The Redmire Monsters
This subject would fill a book in itself, but suffice to say that the stories surrounding uncaught monster carp at Redmire almost rival the accounts of fish that were caught!
Many moons ago when corresponding with Dick Walker he wrote and told me in 1970 stating, “I don’t doubt that at one time there were carp in Redmire weighing in the region of 60lb or 70lb. My friends and I often saw fish that I would guess as being in this category, though I don’t think there were ever more than two or three of that size in the pool.”
Few of the early captures of big carp caught at Redmire were available again to be spotted in the water - they had either been removed or had died. So comparisons with other fish swimming about were plainly out of the question.
However in the early summer of 1954 Richard Walker handled a carp somewhat larger his record 44lb fish. The following extract comes from a letter I have from Dick dated 29th July 1970. “The biggest fish that I was ever able to weigh at Redmire was one that I caught in a landing net in 1954. This was a female fish that had been driven into shallow water by two or three smaller male fish, that being the year when the fish decided to spawn towards the end of June.
“This very large female fish had been driven so far into shallow water close to the bank that it was lying on its side and looked in some danger of remaining permanently stranded, so I paddled out, clapped my big carp net over it, pulled it to the shore, weighed it and then carried it down, with some effort, to the deep water near the dam and released it. This fish weighed 58lb; but I must add that it was considerably distended with spawn.”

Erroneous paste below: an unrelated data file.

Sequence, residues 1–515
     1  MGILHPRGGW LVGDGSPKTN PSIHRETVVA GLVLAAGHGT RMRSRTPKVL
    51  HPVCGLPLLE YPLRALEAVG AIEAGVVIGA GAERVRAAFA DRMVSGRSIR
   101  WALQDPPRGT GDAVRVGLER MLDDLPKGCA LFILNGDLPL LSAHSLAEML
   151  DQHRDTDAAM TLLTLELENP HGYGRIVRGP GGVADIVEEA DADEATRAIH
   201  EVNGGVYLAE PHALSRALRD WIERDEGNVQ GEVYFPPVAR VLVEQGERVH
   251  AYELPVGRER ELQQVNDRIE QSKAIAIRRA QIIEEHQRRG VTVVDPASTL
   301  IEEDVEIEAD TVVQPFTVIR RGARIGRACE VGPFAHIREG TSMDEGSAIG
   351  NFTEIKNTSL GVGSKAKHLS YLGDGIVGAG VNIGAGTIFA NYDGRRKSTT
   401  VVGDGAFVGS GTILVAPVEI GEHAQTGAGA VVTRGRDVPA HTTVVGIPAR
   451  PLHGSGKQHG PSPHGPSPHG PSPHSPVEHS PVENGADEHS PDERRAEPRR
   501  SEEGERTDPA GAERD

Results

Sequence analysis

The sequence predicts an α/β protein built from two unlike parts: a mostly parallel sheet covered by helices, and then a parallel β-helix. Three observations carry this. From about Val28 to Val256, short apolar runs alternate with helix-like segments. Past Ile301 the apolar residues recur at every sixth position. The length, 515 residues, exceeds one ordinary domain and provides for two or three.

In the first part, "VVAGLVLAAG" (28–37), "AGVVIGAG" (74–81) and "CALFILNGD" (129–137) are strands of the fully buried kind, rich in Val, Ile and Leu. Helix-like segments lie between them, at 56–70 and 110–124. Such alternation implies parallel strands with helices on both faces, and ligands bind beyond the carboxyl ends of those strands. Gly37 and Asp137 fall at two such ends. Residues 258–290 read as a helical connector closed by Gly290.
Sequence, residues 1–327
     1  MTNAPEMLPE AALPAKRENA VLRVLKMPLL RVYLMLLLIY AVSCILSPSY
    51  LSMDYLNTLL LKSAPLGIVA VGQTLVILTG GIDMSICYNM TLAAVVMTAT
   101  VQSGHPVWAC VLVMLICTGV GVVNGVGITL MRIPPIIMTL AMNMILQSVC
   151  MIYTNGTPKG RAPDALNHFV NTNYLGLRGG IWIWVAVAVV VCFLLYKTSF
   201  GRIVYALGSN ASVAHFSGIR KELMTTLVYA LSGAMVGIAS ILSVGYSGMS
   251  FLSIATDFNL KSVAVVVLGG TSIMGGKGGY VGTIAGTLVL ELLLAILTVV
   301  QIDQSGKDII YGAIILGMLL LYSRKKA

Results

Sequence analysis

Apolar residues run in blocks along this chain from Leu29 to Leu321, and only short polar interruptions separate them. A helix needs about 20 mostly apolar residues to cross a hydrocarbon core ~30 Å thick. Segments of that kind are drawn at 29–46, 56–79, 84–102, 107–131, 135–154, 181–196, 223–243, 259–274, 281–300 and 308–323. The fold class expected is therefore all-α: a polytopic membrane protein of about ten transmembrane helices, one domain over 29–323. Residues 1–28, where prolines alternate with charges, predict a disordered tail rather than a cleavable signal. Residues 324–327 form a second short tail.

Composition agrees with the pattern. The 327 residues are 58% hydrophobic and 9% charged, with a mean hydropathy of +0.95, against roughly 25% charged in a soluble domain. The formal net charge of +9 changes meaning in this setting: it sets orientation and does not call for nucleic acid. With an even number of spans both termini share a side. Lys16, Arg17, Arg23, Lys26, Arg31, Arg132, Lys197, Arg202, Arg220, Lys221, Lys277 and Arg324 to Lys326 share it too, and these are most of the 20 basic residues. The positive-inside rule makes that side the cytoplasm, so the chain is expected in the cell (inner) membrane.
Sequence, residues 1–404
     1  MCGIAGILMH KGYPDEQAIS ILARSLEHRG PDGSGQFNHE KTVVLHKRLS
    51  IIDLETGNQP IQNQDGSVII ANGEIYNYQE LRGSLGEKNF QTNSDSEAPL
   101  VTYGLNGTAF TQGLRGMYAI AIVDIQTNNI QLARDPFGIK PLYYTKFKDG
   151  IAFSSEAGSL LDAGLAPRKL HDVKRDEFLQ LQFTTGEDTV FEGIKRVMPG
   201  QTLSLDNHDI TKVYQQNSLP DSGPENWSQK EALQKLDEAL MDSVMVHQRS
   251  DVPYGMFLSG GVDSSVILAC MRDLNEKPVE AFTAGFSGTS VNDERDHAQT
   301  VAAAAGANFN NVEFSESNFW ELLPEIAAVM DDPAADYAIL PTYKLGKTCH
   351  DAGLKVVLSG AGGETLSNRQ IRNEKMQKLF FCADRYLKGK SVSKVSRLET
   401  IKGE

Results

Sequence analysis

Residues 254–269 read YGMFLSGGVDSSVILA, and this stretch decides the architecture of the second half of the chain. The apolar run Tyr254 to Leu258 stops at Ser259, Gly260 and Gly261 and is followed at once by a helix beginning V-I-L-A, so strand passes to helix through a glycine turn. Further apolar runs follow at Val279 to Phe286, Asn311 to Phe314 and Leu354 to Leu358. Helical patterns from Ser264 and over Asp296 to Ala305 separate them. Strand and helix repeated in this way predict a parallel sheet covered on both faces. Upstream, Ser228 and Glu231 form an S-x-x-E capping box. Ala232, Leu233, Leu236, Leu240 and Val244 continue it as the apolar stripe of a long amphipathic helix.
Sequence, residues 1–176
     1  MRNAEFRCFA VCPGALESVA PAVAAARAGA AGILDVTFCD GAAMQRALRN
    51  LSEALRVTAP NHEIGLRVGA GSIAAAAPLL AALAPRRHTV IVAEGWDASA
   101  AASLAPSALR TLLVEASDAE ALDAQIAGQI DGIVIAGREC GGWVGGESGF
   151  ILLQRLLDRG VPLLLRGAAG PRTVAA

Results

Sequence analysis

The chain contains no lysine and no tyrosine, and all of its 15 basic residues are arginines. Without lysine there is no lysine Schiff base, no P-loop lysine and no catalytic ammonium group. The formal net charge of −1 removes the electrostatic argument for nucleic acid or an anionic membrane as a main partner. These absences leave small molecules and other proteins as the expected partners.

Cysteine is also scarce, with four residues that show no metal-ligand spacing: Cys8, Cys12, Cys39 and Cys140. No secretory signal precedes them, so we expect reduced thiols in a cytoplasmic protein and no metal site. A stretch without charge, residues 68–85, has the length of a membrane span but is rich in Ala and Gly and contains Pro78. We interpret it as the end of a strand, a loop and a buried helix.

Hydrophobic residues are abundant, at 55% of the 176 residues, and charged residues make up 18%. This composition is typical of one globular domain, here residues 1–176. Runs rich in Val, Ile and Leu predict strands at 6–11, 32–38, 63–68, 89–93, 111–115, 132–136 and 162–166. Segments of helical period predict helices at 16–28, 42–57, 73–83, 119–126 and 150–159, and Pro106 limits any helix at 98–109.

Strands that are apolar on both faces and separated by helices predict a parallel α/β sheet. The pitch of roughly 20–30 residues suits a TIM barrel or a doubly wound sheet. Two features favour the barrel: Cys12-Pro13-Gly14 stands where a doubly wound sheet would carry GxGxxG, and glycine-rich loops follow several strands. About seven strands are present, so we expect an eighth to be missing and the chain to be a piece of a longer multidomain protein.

Then we have the now famous picture that Eddie Price took in July 1958. This quote comes from Eddie Price’s diary written at the time.
“On the Sunday, midday, I took the punt out and drifted down the lake to observe any fish basking and to see if there was much fry about. There was little fry but I saw and photographed what was probably the biggest carp I shall ever see. Its head and part of its back protruded from the thick weed masses, and without exaggeration it seemed a foot across its back. I was only a yard from it. On my drifting nearer it slowly drew its bulk from the weed and slid silently from my view into the depths, leaving me with bulging eyes and a memory of a lifetime.”
Death and re-birth
By the early 1960s at Redmire Pool it maybe shown that the carp had learnt quicker than the anglers, catches of carp at Redmire over 20lb dwindled - five being caught in three years - before the UK become locked in ice for 12-weeks starting around Christmas 1962. The great freeze-up of 1962/3 is little remembered by anglers these days. It caused havoc at thousands of stillwaters and rivers - parts of the river Thames froze and even the sea froze around the stanchions of Brighton Pier! At Redmire the ice was thick enough for a farm hand to drive a tractor across its frozen wastes.
Come the thaw and many thought Redmire Pool’s fish stocks had succumbed like many other waters. Prior to the season starting few carp had been spotted and some reports claimed the pool was lifeless. Even though Pete Thomas landed a fine 20lb common in September 1963, many thought the place was finished.